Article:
F. H. Buckley has a post at the NY Post on how President Trump and the incoming Democrat-led House could work together for their mutual benefit. He points out that the last two Democrats in the White House faced Republican-led Houses. Clinton worked cooperatively and got results such as welfare reform. Obama didn’t and got gridlock.
Those are deals to be made, and the question is whether Democrats in Congress will go along. If they do, they’ll give voters a reason to re-elect both them and Trump in 2020.
If they don’t — if they, say, rush to impeach instead — they’ll prove that they’re not to be taken seriously and will give voters a reason to re-elect Trump in 2020. For Trump, it’s win-win.
I’m betting on gridlock—with comic relief from the likes of She Guevara.
Fasten your seat belts.
So the Democrats say that they’ll be using their new control of House committees to do some investigating. We’ll see how that works out. Meanwhile, Conrad Black makes this observation over at the National Post—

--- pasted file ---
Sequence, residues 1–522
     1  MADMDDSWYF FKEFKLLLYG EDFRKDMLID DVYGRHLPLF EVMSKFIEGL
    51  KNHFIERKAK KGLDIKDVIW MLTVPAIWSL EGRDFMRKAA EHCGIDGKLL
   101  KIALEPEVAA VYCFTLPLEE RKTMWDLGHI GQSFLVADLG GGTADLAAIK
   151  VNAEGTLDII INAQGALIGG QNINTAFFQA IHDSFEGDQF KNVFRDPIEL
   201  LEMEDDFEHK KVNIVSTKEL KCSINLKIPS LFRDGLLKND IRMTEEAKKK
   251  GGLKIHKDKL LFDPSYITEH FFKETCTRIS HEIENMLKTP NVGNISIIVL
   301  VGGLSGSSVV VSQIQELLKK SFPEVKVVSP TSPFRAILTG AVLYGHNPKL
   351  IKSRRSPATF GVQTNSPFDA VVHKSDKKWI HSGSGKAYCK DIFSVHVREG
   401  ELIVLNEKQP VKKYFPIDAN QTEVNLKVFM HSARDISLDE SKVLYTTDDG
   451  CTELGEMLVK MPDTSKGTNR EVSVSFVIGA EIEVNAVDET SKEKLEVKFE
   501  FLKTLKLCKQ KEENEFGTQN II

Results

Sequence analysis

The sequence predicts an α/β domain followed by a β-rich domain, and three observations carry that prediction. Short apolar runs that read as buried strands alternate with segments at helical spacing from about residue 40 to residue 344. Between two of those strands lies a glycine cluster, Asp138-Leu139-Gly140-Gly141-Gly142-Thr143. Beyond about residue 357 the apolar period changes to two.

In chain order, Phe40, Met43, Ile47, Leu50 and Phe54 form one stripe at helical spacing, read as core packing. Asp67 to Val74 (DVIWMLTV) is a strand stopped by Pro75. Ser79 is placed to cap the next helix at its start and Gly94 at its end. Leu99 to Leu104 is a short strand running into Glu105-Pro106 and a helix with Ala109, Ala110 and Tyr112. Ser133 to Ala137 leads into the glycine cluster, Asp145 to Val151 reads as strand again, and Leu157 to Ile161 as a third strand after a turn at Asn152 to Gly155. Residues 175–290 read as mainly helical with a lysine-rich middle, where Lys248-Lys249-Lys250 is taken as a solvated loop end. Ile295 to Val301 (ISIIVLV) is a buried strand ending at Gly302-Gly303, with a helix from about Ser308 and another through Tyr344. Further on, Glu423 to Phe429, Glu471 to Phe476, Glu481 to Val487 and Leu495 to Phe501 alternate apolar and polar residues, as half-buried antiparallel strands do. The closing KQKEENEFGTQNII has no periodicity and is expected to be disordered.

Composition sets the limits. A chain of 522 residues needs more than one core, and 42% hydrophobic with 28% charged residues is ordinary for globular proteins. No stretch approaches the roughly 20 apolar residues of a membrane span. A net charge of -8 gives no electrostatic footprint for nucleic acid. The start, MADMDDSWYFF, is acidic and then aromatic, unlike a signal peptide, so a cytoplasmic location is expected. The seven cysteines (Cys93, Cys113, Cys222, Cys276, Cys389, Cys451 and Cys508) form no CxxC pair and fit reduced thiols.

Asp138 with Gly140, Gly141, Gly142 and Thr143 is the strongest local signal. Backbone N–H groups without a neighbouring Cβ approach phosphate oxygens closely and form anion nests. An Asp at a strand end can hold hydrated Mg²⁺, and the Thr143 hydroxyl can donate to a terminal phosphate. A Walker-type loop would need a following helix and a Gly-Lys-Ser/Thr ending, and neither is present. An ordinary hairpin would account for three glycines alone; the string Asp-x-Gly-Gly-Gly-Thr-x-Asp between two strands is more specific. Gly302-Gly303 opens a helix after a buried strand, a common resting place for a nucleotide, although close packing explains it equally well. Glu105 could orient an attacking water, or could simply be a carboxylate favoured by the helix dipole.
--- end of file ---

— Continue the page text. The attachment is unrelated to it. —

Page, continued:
Now that the president has fired the attorney general and can confirm a replacement who is not emasculated on Russian matters, the administration can proceed to the indictment of all leading members of the Clinton campaign and the Obama justice department who appear to have incriminated themselves by lying to Congress or the FISA Court, including Hillary Clinton, Loretta Lynch, and agency heads John Brennan, James Clapper, and James Comey. This may happen anyway, but it certainly will if the Waters-Nadler-Schiff faction is unleashed. Trump has been put to extreme inconvenience by these spurious investigations and he can, if he wishes, exact a terrible vengeance. His moderation should not be presumed.
I’d better buy some more popcorn futures.